I'm looking at Leviticus 27:9-10, and it contains two commandments that are seemingly contradictory. Here's the text:

And if it be a beast, whereof men bring an offering unto the LORD, all that any man giveth of such unto the LORD shall be holy.

He shall not alter it, nor change it, a good for a bad, or a bad for a good; and if he shall at all change beast for beast, then both it and that for which it is changed shall be holy.

(Emphasis mine.)

Here appears two seemingly contradictory commandments: not to substitute an animal for the animal set apart for sacrifice, but also to consecrate the substituted animal. Is there a traditional explanation for this seeming contradiction?

Looking at Maimonides' famous 613 commandments list, he also sees two commandments present in the passage, and indeed interprets them in such a way that seems like the two commandments are at odds with one another:

-440. Not to substitute another beast for one set apart for sacrifice.
-441. The new animal, in addition to the substituted one, retains consecration.

Is there a traditional interpretation of this verse outside of Maimonides' above? Alternately, is there an explanation by the sages regarding this passage?

It seems the most harmonious way to interpret this would be "The first commandment is to refrain from substitution. The second commandment is, if you failed the first commandment, at least make both holy." Are there other explanations?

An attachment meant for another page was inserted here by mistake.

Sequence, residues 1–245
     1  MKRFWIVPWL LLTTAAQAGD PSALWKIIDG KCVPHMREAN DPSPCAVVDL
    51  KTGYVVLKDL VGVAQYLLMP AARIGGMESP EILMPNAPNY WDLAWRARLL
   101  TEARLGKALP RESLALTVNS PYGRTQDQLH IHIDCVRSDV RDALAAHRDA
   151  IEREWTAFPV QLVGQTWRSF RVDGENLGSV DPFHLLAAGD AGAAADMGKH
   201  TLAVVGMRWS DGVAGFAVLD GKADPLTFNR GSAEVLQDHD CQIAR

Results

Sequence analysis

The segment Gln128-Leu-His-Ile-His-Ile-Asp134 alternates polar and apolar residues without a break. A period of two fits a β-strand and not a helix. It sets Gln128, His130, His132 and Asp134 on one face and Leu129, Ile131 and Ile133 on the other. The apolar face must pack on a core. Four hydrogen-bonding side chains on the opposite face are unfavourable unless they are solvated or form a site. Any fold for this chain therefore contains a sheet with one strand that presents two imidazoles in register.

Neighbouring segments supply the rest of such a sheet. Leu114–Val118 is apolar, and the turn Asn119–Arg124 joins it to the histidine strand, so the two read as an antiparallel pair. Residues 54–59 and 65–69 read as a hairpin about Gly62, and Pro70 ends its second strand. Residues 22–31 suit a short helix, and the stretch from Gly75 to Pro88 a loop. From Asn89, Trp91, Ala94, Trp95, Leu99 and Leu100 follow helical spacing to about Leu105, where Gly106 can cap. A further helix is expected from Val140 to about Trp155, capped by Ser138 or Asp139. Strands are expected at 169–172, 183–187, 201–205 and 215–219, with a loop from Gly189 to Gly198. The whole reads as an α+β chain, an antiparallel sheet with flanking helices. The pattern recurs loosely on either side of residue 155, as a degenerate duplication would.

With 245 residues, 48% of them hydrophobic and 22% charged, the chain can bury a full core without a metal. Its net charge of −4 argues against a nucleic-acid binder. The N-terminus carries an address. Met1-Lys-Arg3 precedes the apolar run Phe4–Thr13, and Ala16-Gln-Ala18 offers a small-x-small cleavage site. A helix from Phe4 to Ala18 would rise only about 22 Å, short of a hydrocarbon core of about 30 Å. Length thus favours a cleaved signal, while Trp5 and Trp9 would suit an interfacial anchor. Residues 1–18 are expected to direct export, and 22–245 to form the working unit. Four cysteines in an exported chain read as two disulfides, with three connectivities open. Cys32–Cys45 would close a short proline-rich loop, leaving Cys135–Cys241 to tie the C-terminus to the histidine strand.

• 2
    Do not murder. But if you do, you get sentenced to death. I don't understand the contradiction here.
    – avi
    Sep 16, 2011 at 12:45
  • The difference, Avi, would "do not commit murder" being a commandment directed to the person potentially carrying out the action, while "put the murderer to death" would be a commandment for others to carry out on the person. Contrast this with Lev 27:9-10, where both commandments are directed at the same person, with the second being a kind of fail-over. That's odd. Sep 16, 2011 at 14:26
  • The murderer is "chayev misa" - obligated to die.
    – yoel
    Sep 16, 2011 at 17:16
  • 3
    Do not steal, but if you do, pay back. Oct 12, 2011 at 4:53

1 Answer 1


It's not a contradiction. The second part is a clause which comes in to effect should the first law be violated.

It's like the Rambam says: You're not allowed to substitute an animal for one which has already been consecrated. If you do, the original animal is consecrated, and the animal which was substituted is also regarded as consecrated. As the Rambam goes on to state, there are cases where this consecration does occur, cases where it does not occur, and cases where there is disagreement over whether or not it occurs. The ramifications of an animal having consecrated status are many, which is why the question of whether or not an animal is consecrated is relevant in the first place.

  • Thanks! That was my first shot at a "harmonious" interpretation, as well. This "Here's commandment X, and if you break it, here's commandment Y." seems a little odd, maybe unique in the Torah. I'm curious to know if there are other instances of this. Sep 16, 2011 at 14:24
  • 3
    Certainly. Do not steal, and if you do, return the stolen object to its owner. Do not leave over any Pesach offering until the morning, and if you do, burn it with fire. And many more.
    – Barry
    Sep 16, 2011 at 14:36
  • I think the shorter list would be "which negative commandments do not have any conditional actions attached to them".
    – yoel
    Sep 16, 2011 at 17:19
  • Good point, Barry. I didn't think of the Pesach offering. Thanks. Sep 16, 2011 at 21:33

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